A. Unless you understand how people kill each other, or how wars wreak havoc on civilian populations, unless you understand the specifics of how that’s being done, and so forth, then you’re not getting to the heart of war. To do otherwise, it’s as if you were trying to study a football game—the Penn-Princeton game—and you said, “Let’s not bother with anything about fumbles or interceptions or first downs—that’s all sort of down-in-the-weeds stuff. Let’s instead look at the culture of Penn and Princeton.” Now, it may be there’s something to be looked at there … but if you really want to understand football, you’ve got to know what it means when one guy drops the ball and the other gets hold of it. The same is true with war.
Q. Are there any common misconceptions about war?
A. I think there is a fascination with technology that overlooks fundamental aspects of war. In the end, war is a psychological contest of wills, with force being the way it’s tested.
People are always looking for short cuts to understand war, and this is one of the reasons I say we’re not missing a course, but missing a department. I spent nearly a decade at the War College, and I learned that to design an effective military operation and understand those operations requires a lot of study. It requires as much study as understanding the drafting and writing of the U.S. Constitution, or understanding the Great Depression. One professor friend of mine once said, “Isn’t war just sociology plus technology?” Now, he obviously thought he was very clever, but the answer is—No, it’s not. War is just as difficult as economics or psychology or math. And the creativity of the military commander is every bit as much a matter of genius as is scientific discovery or musical talent.
Q. How have you gone about studying wars, battles and strategy?
A. If you open almost any book about a war or a battle, there will be passages like this: “At this point, Smith realized his left flank was exposed, so he moved over his second brigade in order to close the gap as Jones, moving in from the rear, circled back to try and secure the advance post of the enemy near Walters Farm.” At some point it becomes completely incomprehensible. Analyzing a battle is like chemistry, or analyzing a molecule. You work them out, study them, you use lots of maps. I wrote a book about civil war in China, and I walked the battlefields. There’s no substitute for that. The thing that’s also important to note is that chance and creativity play a great part in the outcome of battles. Outcomes in battles are not determined ahead of time by which side has the better weapons or who has more people. It’s like a football game. So and so may have the advantage, but half of the time the plays turn out wrong. Battles are the same way. They are sources of sometimes extraordinary change, and therefore battles have to be studied. They cannot be passed over. Yet they are the very things that historians seem most reluctant to study. The great difference [between the U.S. and Europe] in this respect is made clear by Sir John Keegan, who in 1976 wrote “The Face of Battle.” Since then, particularly in Britain, there’s been a series of very good books that get down to the nitty gritty of how battles are fought. But that’s more lacking in the U.S.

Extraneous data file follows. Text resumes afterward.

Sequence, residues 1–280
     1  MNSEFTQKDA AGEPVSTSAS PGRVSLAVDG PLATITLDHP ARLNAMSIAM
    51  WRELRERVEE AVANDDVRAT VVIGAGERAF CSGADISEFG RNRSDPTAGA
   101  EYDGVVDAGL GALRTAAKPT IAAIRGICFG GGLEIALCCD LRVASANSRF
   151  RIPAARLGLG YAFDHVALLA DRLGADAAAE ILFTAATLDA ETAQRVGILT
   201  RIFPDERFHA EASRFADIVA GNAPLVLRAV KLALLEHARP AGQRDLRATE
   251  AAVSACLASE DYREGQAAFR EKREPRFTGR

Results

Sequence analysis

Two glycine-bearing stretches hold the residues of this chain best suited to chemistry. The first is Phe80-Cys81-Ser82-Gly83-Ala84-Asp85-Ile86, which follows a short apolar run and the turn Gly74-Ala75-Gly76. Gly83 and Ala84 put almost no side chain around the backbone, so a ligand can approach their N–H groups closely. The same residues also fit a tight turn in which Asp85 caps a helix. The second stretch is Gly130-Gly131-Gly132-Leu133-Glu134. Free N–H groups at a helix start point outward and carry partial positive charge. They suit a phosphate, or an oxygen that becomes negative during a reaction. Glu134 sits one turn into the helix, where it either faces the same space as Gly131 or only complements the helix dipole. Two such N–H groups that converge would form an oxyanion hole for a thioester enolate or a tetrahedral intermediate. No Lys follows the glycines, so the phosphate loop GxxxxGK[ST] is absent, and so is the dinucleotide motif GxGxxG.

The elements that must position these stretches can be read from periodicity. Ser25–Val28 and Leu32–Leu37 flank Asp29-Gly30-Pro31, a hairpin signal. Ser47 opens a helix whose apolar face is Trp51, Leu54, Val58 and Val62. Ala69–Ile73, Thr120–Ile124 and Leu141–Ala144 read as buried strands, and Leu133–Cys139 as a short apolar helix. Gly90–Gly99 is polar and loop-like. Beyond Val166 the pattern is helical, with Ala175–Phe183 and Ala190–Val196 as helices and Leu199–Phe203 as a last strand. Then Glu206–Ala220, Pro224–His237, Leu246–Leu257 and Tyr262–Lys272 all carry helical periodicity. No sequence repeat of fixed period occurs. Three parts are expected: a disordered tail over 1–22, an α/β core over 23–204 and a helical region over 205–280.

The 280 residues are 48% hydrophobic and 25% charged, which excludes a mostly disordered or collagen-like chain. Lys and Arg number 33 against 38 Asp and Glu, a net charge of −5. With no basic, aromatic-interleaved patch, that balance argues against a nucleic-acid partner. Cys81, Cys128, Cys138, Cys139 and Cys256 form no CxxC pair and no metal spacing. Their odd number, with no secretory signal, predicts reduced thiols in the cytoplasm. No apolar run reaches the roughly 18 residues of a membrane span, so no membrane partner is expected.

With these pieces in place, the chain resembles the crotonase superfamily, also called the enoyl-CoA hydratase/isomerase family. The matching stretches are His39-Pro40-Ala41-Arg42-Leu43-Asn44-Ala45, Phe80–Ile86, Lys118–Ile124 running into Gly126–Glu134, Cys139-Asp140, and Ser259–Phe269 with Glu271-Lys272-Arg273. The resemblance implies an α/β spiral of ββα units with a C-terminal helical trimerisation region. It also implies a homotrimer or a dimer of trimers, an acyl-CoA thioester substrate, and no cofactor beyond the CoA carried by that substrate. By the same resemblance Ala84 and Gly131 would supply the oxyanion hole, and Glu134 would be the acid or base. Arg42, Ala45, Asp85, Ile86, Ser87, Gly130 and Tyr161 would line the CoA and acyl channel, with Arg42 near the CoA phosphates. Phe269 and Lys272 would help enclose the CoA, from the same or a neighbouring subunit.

Q. Why is that?
A. This, to me, is a bit of a mystery. There’s certainly interest among students. There are many eminent historians who know about this. In England, there’s something called the Chichele Professorship of the History of War at All Souls College at Oxford, which is kind of the nirvana of academics. That’s held by a man of my vintage named Hew Strachan, and it’s one of the most prestigious academic posts in all of England. There’s nothing that compares to that here.
Q. Is there something about the American personality that makes us ignore war?
A. I think Americans are, by nature, intellectual, and we tend to think of war as either something like a disease, or a mistake, or we think it’s a pathology. And in fact, it may be all of those things. But after I started working with the military, I discovered a few things. One, there is the most extraordinary intellectual condescension. There’s an assumption that anyone who is in the military isn’t very smart, whereas my colleagues [in academia] are as smart as anyone. The other thing I have discovered is there is this suspicion that, because I study war, that I must be a person who has some sort of violent tendencies. To which I respond, “Have you ever met an oncologist?” Just across the road at the medical school they have buildings full of oncologists, studying cancer, which is basically just war on the body. It’s a ghastly thing. Do you think they sit around and say, “Well, my favorite cancer is Richter’s transformation—that one gets them in a couple weeks.” No.
Originally published March 15, 2007.
Originally published on March 1, 2007